by Jennifer Haberkorn · June 8, 2018
Candidates are being warned to avoid this divisive two-word phrase.
Kara Eastman, a progressive Democrat running for Congress in Nebraska, pledged to support the idea but refuses to use the term “single payer,” calling it a “buzzword.” | Nati Harnik, File/AP Photo
Democratic voters want single payer health care. But don’t expect to hear Democratic candidates talk about it — at least not in those words.
To avoid divisive intraparty fights that drive candidates left — only to be attacked by Republicans for favoring socialized medicine — the Democratic Congressional Campaign Committee warned aspirants last year about the political liabilities of endorsing “single payer,” according to sources familiar with the advice. An influential progressive group even urged candidates to discard the often-misunderstood phrase and embrace “Medicare for all” to draw strong connections with the popular seniors’ health program.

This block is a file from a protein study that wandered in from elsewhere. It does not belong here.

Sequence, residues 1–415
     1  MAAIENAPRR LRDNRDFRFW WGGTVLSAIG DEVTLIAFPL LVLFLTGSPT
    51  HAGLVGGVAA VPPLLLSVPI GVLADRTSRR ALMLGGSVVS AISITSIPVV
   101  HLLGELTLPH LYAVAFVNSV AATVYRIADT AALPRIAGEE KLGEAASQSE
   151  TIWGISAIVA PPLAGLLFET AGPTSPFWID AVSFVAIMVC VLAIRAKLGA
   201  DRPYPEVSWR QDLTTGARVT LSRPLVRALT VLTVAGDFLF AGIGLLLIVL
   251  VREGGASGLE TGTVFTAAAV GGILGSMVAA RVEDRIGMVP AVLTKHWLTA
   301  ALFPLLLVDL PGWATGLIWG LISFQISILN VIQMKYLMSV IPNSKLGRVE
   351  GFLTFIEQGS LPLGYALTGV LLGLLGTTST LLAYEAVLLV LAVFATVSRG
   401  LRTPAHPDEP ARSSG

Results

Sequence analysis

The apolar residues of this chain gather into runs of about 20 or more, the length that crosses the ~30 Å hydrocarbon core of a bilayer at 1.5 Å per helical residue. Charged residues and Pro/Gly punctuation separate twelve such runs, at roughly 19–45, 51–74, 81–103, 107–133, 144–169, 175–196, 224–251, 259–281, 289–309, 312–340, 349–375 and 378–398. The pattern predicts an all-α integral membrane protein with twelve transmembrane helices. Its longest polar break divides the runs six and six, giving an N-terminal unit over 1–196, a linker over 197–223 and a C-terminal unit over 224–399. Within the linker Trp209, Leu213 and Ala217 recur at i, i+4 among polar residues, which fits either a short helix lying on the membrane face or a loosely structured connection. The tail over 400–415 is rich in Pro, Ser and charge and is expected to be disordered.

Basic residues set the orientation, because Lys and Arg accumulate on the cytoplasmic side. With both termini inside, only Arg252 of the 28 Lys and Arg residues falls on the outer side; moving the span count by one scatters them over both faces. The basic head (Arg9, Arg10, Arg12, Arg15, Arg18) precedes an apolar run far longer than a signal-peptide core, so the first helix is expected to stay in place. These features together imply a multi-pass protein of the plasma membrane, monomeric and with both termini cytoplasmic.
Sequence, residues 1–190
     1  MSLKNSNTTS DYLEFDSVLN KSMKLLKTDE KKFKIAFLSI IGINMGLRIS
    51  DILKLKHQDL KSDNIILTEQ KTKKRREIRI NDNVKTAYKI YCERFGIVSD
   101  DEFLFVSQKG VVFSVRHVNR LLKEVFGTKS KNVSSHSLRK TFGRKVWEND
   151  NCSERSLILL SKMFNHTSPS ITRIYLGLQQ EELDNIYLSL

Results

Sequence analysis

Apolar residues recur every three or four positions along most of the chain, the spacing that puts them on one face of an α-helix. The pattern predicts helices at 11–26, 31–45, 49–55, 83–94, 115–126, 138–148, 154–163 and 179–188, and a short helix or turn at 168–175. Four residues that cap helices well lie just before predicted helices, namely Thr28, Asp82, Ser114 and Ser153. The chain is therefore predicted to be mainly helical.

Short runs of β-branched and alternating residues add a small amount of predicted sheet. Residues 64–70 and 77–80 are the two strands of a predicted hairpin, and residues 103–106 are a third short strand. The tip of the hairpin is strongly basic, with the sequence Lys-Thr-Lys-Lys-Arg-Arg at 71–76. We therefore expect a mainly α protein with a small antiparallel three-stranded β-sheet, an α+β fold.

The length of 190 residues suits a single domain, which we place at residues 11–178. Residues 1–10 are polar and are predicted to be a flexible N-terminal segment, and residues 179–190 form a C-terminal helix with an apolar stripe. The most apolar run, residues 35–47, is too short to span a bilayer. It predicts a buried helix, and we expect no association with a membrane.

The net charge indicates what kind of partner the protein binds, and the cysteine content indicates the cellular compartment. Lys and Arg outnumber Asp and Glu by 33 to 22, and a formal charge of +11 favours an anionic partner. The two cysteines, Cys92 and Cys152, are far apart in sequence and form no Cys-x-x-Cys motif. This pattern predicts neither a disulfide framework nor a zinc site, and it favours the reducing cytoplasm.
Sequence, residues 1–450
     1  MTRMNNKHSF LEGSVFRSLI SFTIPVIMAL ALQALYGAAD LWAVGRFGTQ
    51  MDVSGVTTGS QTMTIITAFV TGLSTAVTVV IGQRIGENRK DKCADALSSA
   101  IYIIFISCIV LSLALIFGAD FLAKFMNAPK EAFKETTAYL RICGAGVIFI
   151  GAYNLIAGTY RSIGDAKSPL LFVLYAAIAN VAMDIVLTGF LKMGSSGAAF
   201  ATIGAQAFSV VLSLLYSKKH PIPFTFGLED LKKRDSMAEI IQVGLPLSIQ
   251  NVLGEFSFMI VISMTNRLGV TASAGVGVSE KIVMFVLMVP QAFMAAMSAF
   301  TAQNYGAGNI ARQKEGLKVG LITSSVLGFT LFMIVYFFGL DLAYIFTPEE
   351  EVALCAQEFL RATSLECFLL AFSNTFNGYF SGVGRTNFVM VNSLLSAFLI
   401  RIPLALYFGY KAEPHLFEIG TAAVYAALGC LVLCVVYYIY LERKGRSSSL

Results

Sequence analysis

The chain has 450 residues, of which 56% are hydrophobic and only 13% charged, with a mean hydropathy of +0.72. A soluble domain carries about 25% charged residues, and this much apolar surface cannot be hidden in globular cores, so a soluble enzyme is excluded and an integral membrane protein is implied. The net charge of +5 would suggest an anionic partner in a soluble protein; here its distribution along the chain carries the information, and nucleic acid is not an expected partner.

A third of the way through the 2018 primaries, Democrats have largely prevented the Bernie Sanders-led groundswell of single payer support from swamping the contests. And they’re fine tuning their messaging to build support for the idea. Kara Eastman, a progressive Democrat hoping to knock out incumbent Republican Don Bacon in Nebraska’s second congressional district, pledged to support the idea but refuses to use the term “single payer,” calling it a “buzzword.”
It’s an important distinction in the handful of races where single payer advocates have made it onto the ballot. Those include many of the GOP-controlled House districts in California that Hillary Clinton won in 2016, and the Senate contest pitting Democrat Sen. Dianne Feinstein against fellow Democrat, Kevin de León, who’s emphasizing health care and civil liberties. It has also made the ballot in more unexpected places, such as Nebraska.
Those contests will decide whether the idea is strong enough to drive turnout from the progressive base, or whether it repels the independent or GOP voters needed to win.
“I certainly have been worried that our party was going to have an internal debate between people who favor single payer and people who didn’t favor single payer,” Sen. Chris Murphy (D-Conn.) said recently when he rolled out legislation with Sen. Jeff Merkley (D-Ore.) to allow all Americans to buy into new Medicare plans, regardless of age.